The 50 law firms named in the survey had at least 20% female equity partners, 30% female nonequity partners, and top rainmakers who were women. Moreover, 25% of management or executive committee seats and 25% of compensation or finance committee seats were held by women (in each case, an increase of 4 percentage points since 2012).
All of the firms that made the list offered flexible work arrangements in the form of flextime, reduced hours, annualized hours, or job sharing. Other policies that many or all of the firms offered were paid maternity and adoption leave, child care (including sick-child care, backup child care, and before/after school child care), sponsorship programs, networking groups and events for women, and women-focused business development initiatives.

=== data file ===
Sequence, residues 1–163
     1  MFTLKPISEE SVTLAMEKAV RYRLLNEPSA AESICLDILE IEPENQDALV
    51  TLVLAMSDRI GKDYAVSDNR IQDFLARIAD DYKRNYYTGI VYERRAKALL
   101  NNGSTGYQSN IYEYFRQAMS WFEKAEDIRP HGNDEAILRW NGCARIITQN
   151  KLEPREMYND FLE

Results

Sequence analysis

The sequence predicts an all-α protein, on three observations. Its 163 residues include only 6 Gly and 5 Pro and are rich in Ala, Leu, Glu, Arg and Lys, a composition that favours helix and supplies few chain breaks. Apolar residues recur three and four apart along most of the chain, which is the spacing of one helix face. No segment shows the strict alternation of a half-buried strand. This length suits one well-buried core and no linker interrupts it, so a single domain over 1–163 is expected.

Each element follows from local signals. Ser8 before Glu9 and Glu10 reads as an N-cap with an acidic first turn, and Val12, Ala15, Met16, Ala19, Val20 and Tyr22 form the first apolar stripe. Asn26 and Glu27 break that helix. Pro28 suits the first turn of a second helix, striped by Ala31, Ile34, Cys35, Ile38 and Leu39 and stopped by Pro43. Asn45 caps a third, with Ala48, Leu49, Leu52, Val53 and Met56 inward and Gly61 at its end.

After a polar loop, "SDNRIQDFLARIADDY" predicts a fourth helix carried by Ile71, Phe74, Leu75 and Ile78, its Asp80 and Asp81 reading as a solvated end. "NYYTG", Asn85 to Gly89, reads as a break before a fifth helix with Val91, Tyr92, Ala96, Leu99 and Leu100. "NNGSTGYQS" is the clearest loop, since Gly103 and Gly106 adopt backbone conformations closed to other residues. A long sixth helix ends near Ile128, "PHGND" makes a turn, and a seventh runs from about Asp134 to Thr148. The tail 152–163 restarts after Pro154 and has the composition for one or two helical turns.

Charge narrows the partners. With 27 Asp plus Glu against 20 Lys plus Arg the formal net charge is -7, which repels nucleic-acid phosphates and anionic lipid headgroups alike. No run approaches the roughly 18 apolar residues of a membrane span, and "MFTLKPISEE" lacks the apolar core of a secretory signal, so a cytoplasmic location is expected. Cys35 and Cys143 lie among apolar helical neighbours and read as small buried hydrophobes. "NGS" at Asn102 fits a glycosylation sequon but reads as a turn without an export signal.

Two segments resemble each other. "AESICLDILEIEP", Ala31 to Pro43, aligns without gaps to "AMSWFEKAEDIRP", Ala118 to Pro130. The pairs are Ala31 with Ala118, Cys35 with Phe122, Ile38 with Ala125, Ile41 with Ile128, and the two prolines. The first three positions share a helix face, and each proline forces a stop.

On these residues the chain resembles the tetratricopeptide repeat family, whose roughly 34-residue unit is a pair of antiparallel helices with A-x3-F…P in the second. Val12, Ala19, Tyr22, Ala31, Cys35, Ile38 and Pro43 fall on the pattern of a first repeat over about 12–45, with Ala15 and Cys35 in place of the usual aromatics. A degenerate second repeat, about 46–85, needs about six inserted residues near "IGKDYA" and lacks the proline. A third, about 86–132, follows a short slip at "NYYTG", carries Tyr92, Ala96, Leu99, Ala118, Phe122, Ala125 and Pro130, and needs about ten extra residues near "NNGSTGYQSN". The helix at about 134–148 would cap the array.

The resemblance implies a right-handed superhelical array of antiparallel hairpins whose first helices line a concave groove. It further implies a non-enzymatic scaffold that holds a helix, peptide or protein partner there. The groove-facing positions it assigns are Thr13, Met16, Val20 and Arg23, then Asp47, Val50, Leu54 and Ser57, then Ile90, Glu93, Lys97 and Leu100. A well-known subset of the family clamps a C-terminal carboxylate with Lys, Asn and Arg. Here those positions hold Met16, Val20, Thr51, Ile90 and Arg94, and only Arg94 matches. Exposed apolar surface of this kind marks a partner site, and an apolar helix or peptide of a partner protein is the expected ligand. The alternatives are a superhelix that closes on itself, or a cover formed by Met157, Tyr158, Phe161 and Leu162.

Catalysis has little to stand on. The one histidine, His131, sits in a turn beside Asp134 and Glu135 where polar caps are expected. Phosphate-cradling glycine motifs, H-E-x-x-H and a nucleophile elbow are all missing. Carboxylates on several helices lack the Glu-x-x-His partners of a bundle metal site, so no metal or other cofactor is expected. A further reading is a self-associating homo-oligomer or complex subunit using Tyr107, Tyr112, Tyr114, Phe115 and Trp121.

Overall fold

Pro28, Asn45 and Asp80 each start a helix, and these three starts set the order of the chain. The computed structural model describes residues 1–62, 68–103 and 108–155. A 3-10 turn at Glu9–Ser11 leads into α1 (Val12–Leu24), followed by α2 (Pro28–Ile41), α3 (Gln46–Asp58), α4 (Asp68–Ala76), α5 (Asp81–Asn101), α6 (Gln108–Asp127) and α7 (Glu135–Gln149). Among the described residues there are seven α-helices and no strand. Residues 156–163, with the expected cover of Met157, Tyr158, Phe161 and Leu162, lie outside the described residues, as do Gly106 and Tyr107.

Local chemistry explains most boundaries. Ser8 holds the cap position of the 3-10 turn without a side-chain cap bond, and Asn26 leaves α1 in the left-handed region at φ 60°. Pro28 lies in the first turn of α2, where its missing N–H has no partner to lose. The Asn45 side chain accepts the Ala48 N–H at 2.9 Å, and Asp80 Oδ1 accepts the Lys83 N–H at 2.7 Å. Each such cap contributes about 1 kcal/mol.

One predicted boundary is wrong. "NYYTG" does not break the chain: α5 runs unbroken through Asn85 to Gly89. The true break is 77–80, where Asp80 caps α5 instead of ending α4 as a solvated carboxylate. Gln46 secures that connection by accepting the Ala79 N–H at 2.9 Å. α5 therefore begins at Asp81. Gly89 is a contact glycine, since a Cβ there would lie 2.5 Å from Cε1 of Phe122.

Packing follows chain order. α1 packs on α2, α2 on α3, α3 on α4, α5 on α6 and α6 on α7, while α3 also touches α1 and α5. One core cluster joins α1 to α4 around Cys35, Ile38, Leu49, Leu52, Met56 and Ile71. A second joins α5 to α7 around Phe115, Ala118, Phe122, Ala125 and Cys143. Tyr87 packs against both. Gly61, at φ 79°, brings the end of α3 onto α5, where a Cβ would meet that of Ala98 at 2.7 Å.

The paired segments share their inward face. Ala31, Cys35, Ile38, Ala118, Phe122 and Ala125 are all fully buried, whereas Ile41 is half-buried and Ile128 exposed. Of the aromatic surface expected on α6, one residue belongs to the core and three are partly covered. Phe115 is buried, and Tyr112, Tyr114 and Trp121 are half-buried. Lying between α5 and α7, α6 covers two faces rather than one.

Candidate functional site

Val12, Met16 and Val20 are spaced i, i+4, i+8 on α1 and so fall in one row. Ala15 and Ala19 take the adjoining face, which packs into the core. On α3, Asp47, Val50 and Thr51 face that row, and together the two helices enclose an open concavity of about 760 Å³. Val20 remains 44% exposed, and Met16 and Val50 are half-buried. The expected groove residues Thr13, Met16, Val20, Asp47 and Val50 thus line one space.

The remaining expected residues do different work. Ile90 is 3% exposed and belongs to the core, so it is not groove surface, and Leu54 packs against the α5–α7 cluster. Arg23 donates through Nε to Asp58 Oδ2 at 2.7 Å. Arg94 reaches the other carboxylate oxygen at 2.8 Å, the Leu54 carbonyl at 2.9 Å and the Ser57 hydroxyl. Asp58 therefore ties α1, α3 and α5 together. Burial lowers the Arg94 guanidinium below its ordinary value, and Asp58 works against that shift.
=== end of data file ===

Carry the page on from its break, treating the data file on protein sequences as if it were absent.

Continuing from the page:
When it came to highlights for various firms on the list, the survey found that Arnold & Porter “nurtures [the] development [of female lawyers] with myriad training initiatives, flexible schedules and at least 18 fully paid weeks of birth or adoption leave (plus $10,000 in adoption aid).” For Baker & McKenzie, the “Global Gender Initiative helps propel its talented women to success, generating opportunities (among them a 12-month sponsorship program) that raise their profile and increase their odds of being named partner.” At Kaye Scholer (now a part of Arnold & Porter), “Work life integration is a central theme…where alternative schedules are common.”